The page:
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Retired Marine Corps Gen. Charles C. Krulak, who’d served as the 31st commandant of the Marine Corps from 1995-1999 and is now president of Birmingham-Southern College in Alabama, proudly displays mementos of his service as a Marine Corps officer in his office. U.S. Marine Corps photo by Sgt. Jon Holmes  BIRMINGHAM, Ala. – As a young man, Charles C. Krulak, now age 72, respected his father’s values: selflessness, moral courage and integrity.

PHOTO: Retired Marine Corps Gen. Charles C. Krulak, who’d served as the 31st commandant of the Marine Corps from 1995-1999 and is now president of Birmingham-Southern College in Alabama, proudly displays mementos of his service as a Marine Corps officer in his office. U.S. Marine Corps photo by Sgt. Jon Holmes 
 
Krulak’s father, Marine Corps Lt. Gen. Victor H. Krulak, who passed away in 2008, imparted in his son the same values introduced to him as a Marine.

Following in his father’s footsteps and making the transformation to become a United States Marine, the younger Krulak, who went on to become a four-star general and the Marine Corps’ 31st commandant, embodied those values. They are still a part of who he is today.

“My father instilled in his three boys a solid foundation of trying to be men of character -- being selfless, having great moral courage and having integrity. [And] at the same time, taking those values and seeking to do the most good for the most people,” Krulak said.

After retiring from the Marine Corps in 1999 after 35 years of military service, Krulak worked in the business world. In March 2011, he was selected to become president of Birmingham-Southern College in Alabama -- a position he says is one of the most challenging of his life.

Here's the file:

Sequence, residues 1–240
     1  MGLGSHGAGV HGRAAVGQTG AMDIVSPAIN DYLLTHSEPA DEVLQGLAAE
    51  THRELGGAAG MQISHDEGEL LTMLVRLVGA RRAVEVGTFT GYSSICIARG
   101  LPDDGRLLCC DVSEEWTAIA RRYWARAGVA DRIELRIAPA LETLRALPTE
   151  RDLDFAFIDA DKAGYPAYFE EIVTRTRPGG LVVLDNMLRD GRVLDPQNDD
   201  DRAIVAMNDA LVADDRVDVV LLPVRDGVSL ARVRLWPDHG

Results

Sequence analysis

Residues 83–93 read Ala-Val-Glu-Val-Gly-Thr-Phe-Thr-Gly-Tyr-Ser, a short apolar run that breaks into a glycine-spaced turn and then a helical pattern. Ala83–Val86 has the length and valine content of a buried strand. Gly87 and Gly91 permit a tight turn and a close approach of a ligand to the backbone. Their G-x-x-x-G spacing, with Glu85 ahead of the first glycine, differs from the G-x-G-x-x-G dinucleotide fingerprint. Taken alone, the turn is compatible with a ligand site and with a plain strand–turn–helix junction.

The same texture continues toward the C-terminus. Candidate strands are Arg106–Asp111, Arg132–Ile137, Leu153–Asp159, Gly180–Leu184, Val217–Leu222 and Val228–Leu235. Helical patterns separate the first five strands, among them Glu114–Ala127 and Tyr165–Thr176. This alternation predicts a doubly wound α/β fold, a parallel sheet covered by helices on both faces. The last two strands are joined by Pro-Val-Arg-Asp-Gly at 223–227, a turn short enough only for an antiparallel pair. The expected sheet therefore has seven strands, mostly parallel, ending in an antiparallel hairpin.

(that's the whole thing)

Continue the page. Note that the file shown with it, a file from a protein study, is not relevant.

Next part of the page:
Mismanagement and a growing debt foreshadowed the college’s future. Budget cuts cost students their educational programs and professors their jobs. Dropping enrollment, a demoralized faculty and a community that lost confidence in the school posed additional problems making Birmingham-Southern College’s future uncertain.

One of Krulak’s first decisions as the college’s new president was to refuse a salary.

“They were pretty surprised when I did that,” he said.

He also turned down the university vehicle and even lived in a dorm instead of the Birmingham-Southern College President’s house.

“Why turn down the salary?” Krulak asked. “Because of the sacrifice everyone else had gone through. If all of the sudden I came in and had this salary and drove around in a college car and lived in the house of the president, I wouldn’t be doing what all Marines do -- setting the example.”

Krulak continued that example by visiting every classroom on campus and meeting with the faculty, staff and students. He spent time in the cafeteria serving food to the students -- something he did for his Marines as an officer.

Former students who have returned to serve as staff to the college notice Krulak’s actions.

“I was most impressed with his relationship with his students,” said Katie Glenn, the executive assistant to Krulak and a graduate of Birmingham-Southern College. “He knows them all and genuinely cares. He even delivered cookies to the students, just as he did for his Marines. He really cared about his Marines, and here, he cares about his employees and students.”

For Krulak, his actions are not unusual. They are the actions of a man of character. They are from the values of his father and the Marines’ past, present and future that are bound together by their core values and ethos.

“You hear time and time again the Marine Corps made you the individual you are,” Krulak explained. “That transformation is forever. That ethos is in all of us for life.”
 
Written May 9, 2014 By:
Marine Corps Sgt. Jon Holmes
6th Marine Corps District

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Army 1st Lt. Jamie Mueller at work at Forward Operating Base Spin Boldak, Afghanistan, April 30, 2014. U.S. Army photo FORWARD OPERATING BASE SPIN BOLDAK – A U.S. Army medical officer saved an Albanian soldier’s life last month thanks to a medical exchange program here.

PHOTO: Army 1st Lt. Jamie Mueller at work at Forward Operating Base Spin Boldak, Afghanistan, April 30, 2014. U.S. Army photo 
 
During a routine procedure, 1st Lt. Jamie Mueller, a physician assistant with 4th Infantry Division’s 4th Special Troops Battalion, 4th Infantry Brigade Combat Team, noticed a troubling growth on her patient’s back.